Barbara Maloutas

FROM On Porto


This twinning, the neighbor lets it happen, often encourages it. Words are unique and cannot exist in double. Doubleness, doublings and double talk, that's what we halve and fork-tongued is a worry to some. A mother's tongue is first in mind always, in his and theirs. Yet the unique is already always split, part and whole. We say something. We cannot say only the truth. Something and truth are parallel to this day. We say tree but this is not truth. Tree is something, that's all.



Only in words are we aware. No tree is aware of its comical slant. Each tree is only responsive. Awareness is gone the moment it is given. Look how it swoops and produces. This bottom line is also in the grove. Each winter pruning supports it. Ulysses bathed in oil. His scent was the scent of residue outside any olive press, outside my mother-in-law's island house. He reeked of oil. The press is there, no zoning, not even a hall of records. Land is owned as long as there is memory. Small things like rocks are turned where the plow turns, each has their boundary or edge. I've seen stolen rocks turn up in walls.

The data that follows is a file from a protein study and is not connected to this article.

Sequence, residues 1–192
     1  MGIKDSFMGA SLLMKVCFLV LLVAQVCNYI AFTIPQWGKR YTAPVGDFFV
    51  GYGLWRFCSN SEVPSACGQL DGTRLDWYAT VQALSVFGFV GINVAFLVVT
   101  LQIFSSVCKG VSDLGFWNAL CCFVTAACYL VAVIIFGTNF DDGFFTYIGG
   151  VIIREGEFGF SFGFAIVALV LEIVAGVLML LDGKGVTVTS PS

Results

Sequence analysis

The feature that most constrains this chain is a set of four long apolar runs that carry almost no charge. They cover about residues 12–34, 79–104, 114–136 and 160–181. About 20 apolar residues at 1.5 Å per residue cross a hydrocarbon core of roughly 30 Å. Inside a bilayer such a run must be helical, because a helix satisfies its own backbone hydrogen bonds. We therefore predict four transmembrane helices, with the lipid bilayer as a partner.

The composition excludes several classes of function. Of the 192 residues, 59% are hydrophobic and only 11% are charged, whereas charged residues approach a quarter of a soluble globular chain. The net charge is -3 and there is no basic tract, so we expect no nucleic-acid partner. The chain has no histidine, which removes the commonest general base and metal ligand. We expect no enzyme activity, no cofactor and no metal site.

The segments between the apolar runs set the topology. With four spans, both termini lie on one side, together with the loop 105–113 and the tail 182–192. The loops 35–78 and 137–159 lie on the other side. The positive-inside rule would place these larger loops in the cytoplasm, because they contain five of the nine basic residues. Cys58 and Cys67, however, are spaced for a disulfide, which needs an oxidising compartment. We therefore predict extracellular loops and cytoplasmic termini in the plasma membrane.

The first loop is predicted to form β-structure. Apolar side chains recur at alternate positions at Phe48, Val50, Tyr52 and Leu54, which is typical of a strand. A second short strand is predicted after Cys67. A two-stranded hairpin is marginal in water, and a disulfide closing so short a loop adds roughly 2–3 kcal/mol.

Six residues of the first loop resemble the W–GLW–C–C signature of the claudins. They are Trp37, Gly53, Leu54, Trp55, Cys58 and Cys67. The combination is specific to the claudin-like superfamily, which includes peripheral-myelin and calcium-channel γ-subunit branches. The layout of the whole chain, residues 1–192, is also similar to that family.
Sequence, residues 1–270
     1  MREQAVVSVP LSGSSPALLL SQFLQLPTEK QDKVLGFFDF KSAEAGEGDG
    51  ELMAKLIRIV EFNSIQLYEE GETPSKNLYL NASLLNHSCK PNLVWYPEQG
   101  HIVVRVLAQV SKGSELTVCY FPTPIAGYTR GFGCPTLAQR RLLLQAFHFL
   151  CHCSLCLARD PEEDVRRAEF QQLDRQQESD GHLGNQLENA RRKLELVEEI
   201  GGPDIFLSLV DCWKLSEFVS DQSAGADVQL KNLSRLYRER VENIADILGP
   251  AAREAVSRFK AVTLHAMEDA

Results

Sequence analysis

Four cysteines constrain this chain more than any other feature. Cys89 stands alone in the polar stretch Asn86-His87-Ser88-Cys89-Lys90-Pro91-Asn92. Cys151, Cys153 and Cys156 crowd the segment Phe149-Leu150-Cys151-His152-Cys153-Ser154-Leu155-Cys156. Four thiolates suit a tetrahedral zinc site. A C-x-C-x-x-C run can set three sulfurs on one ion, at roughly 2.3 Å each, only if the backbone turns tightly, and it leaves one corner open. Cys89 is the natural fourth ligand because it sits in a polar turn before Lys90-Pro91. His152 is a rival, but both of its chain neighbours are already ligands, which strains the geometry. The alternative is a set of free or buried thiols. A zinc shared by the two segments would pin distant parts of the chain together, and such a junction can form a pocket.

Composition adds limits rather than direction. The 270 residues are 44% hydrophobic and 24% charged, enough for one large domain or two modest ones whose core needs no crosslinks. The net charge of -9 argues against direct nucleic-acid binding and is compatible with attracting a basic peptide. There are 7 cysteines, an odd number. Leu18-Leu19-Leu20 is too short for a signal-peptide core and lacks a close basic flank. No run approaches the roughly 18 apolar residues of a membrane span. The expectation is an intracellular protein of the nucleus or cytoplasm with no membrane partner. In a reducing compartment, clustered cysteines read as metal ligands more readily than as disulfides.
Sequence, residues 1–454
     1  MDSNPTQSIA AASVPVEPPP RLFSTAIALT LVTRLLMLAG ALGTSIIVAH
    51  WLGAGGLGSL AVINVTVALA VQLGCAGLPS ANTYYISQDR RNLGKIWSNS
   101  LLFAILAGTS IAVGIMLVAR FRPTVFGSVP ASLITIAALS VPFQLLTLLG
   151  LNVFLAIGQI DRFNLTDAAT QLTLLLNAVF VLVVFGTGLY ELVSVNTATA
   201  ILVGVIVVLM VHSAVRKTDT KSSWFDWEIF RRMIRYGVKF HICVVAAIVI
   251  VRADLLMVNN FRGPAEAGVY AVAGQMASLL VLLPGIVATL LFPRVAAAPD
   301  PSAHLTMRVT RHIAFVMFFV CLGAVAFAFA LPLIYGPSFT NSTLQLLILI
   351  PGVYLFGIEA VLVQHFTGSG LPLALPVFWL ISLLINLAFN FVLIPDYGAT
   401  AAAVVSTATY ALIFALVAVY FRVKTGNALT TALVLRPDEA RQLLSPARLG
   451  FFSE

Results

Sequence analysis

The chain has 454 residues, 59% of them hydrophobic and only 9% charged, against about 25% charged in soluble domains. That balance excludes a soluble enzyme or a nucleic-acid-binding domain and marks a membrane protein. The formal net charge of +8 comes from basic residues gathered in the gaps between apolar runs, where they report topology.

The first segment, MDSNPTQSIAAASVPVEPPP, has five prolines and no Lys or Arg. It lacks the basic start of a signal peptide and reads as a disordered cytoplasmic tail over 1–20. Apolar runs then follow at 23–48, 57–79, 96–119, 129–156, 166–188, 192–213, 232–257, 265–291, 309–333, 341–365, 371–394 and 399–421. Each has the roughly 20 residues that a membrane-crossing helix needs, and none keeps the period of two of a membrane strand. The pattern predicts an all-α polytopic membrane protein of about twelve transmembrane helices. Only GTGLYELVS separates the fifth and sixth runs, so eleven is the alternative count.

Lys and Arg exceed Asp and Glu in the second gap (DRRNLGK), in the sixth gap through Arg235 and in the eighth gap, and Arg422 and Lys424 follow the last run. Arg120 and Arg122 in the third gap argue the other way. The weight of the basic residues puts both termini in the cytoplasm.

I recently picked up again Giorgio Agamben's Idea of Prose. It was so spare I could not make it clearer but finally acquiesced to an idea of narrative and blended something like Agamben's philosophy of language with the experience of pruning olive trees on a hill called Porto on the Peloponnesos in Greece. It was a way of expanding his thought, of thinking it through as collage.